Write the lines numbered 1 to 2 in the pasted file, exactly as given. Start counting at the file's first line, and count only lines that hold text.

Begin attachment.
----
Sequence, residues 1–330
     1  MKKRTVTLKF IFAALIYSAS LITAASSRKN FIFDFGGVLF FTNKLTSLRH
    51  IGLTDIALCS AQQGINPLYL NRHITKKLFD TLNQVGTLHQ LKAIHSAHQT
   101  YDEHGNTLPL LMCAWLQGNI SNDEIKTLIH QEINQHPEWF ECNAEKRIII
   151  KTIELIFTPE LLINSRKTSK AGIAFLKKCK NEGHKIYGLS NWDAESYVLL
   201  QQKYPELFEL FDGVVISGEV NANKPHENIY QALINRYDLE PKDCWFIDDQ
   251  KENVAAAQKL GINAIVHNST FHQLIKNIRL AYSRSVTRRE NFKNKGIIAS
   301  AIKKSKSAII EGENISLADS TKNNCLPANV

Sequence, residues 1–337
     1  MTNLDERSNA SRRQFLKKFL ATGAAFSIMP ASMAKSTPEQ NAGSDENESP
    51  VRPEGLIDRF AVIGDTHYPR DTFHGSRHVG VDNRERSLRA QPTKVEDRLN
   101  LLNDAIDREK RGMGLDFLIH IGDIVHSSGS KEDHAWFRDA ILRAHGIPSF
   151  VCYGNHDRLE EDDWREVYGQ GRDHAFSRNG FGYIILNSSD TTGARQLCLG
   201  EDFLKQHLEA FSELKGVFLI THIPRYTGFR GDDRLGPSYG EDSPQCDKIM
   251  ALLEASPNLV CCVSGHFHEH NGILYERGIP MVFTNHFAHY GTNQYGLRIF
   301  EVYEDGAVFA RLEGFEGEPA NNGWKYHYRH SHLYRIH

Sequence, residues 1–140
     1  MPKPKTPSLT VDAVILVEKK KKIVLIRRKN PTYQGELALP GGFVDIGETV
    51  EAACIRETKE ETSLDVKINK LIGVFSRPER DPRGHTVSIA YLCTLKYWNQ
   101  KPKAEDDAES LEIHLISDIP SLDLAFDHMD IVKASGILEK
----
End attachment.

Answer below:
Sequence, residues 1–330
     1  MKKRTVTLKF IFAALIYSAS LITAASSRKN FIFDFGGVLF FTNKLTSLRH